“Hardy, despite his size, was a very graceful person and I remember he seemed rather quiet. He might have been the dominant one on stage, but it was the reverse hi real life. He seemed very reserved.


“I was only about 21 at the time and was. I suppose, very impressed.  I have kept all Stan's photographs and letters.  I also have a cine film we took in his dressing room.  It was a family film and he was quite natural right until the last few seconds. Then he ruffled his hair like he used to on films.

‘ My mother thought a great deal about him Stan often wrote to her.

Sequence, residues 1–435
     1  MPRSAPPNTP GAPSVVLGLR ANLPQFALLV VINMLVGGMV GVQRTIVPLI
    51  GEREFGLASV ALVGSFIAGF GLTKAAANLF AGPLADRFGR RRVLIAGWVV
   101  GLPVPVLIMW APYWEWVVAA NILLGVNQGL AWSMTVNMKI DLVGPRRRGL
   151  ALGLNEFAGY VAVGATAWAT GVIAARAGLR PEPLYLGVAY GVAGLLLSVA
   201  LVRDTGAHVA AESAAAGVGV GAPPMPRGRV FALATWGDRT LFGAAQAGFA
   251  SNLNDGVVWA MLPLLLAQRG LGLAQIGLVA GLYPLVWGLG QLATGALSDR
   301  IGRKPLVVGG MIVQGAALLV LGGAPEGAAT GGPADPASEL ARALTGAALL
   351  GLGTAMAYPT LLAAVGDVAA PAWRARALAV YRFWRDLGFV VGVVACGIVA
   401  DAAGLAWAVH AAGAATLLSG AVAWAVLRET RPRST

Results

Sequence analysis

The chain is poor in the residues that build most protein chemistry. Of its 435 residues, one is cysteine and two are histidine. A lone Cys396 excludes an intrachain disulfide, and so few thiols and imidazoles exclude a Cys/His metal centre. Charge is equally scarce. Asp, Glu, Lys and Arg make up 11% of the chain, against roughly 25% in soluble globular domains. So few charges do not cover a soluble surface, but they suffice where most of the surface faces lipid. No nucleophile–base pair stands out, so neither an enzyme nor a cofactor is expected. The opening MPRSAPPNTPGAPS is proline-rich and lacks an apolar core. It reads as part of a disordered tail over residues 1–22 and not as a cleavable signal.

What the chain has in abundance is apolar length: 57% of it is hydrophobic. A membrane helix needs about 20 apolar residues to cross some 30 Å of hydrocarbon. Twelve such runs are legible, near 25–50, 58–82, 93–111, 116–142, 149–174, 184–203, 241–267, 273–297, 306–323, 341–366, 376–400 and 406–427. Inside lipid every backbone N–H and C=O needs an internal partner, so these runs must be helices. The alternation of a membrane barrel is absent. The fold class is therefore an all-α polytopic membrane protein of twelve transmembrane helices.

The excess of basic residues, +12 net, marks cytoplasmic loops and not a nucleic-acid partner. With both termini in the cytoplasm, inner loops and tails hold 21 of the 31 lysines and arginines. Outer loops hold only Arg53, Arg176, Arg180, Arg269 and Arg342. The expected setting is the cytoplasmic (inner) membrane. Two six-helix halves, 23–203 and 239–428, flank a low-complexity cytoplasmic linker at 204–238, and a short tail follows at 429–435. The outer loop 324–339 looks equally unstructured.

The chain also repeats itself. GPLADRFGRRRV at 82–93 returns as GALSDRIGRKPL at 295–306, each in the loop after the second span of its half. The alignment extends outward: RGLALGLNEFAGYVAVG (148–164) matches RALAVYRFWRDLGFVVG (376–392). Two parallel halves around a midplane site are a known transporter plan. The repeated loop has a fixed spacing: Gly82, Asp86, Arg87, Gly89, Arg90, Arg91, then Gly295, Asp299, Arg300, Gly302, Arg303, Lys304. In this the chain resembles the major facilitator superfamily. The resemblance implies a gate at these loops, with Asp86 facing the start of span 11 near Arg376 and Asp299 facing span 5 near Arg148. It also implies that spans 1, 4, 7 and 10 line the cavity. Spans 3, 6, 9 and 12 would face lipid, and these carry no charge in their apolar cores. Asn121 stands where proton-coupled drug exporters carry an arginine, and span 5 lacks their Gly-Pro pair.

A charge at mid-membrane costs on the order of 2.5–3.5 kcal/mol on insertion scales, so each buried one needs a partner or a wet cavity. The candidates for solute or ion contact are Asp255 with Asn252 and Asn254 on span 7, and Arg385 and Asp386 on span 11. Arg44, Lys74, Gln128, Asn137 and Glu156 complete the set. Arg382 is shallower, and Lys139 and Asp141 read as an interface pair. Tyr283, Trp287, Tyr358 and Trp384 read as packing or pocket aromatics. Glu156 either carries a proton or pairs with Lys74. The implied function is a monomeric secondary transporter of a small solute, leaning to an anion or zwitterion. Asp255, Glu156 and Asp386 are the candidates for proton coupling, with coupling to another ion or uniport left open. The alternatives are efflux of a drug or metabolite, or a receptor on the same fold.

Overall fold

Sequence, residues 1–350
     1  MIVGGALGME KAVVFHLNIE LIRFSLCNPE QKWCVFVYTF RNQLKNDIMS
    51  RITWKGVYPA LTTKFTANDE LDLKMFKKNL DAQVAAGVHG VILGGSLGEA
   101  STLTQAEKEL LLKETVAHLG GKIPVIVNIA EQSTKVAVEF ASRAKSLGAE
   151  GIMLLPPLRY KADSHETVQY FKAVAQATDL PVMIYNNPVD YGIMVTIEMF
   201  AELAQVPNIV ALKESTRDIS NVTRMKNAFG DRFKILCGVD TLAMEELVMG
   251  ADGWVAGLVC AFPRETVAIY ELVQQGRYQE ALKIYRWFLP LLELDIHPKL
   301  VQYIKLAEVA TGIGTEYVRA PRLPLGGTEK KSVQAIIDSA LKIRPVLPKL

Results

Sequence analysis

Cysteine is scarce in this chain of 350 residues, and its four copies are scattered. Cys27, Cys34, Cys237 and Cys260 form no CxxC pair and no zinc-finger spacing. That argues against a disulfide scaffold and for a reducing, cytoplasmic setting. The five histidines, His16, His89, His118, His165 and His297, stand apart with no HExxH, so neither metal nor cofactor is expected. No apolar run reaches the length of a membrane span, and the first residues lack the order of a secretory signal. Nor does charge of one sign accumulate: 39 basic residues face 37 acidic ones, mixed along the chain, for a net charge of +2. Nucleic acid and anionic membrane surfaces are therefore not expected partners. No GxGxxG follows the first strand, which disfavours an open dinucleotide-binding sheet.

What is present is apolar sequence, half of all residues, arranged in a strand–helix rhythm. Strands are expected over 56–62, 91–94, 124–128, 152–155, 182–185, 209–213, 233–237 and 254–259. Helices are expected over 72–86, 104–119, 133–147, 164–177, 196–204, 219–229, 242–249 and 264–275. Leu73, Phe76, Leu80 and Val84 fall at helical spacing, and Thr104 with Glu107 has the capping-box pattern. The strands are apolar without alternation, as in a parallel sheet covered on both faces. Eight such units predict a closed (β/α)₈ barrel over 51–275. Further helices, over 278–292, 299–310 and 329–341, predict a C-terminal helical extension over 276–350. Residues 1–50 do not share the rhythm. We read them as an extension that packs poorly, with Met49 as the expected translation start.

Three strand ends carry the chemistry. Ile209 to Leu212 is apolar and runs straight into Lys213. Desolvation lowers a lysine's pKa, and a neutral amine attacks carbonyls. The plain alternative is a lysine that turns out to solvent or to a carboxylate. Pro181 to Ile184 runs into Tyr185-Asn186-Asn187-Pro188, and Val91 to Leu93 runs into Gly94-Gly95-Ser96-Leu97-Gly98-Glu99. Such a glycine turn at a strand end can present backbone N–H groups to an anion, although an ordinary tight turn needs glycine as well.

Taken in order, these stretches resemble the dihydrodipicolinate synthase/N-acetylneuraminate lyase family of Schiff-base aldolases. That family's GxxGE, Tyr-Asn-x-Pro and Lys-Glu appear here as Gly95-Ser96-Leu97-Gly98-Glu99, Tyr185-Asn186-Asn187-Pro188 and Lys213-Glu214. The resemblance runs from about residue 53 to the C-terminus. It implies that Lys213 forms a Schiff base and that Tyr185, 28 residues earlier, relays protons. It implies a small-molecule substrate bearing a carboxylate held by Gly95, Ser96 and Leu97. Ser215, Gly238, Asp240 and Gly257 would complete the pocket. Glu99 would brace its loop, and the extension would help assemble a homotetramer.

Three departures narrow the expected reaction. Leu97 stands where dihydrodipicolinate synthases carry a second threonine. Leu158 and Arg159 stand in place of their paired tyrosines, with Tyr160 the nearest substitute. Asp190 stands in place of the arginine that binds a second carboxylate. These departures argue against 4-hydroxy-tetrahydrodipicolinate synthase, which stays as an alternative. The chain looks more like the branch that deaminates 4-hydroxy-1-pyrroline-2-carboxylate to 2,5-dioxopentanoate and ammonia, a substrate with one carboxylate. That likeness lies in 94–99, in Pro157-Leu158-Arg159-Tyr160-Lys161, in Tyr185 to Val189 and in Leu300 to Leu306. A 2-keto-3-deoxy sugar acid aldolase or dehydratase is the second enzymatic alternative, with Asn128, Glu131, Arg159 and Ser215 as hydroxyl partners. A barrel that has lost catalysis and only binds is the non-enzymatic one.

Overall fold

"As children. Stan was always the funny one, always getting into trouble.   Even when they were small, he used to give little shows at home and make my mother and his cousins take part.

"When he became famous, he still liked to talk about those* days, the little concerts they gave and the times he got into trouble with Grandma Metcalf.

“Whenever the children did anything wrong, they were relegated to the wash house without any supper. Stan never used to complain about this — until they discovered that he had a hoard of comics and candles there.

The last time I saw him was at a family party at my Auntie Nellie's house in Blrkdale Road. Nearly all the family was there.

“Stan came in his chauffeur driven car as far as the Empire, which he knew very well, and then our uncle picked him up.

"He talked a lot about the old days — and I never saw him after that, although we continued to write."